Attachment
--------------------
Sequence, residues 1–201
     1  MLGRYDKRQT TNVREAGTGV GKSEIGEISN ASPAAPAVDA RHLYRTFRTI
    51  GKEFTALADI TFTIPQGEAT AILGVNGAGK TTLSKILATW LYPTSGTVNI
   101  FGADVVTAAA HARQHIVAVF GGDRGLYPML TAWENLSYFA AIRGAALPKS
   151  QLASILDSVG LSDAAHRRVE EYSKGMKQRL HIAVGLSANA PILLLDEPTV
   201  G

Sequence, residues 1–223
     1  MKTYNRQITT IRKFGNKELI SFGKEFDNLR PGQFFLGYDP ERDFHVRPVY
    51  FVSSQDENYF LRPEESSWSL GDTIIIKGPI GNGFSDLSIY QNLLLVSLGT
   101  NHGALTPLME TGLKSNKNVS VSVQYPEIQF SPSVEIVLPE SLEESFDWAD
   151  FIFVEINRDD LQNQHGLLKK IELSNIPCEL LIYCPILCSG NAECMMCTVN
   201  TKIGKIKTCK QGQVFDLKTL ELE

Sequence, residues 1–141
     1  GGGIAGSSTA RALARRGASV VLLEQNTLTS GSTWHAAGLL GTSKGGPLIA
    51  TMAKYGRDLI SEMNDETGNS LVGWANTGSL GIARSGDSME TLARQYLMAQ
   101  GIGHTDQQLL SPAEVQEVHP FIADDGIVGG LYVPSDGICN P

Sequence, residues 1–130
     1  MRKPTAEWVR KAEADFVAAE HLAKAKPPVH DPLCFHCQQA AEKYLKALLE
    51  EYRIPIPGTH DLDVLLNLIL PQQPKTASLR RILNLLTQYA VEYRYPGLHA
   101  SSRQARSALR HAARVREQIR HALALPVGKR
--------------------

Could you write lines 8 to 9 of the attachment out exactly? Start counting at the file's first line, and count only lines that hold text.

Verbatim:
     1  MKTYNRQITT IRKFGNKELI SFGKEFDNLR PGQFFLGYDP ERDFHVRPVY
    51  FVSSQDENYF LRPEESSWSL GDTIIIKGPI GNGFSDLSIY QNLLLVSLGT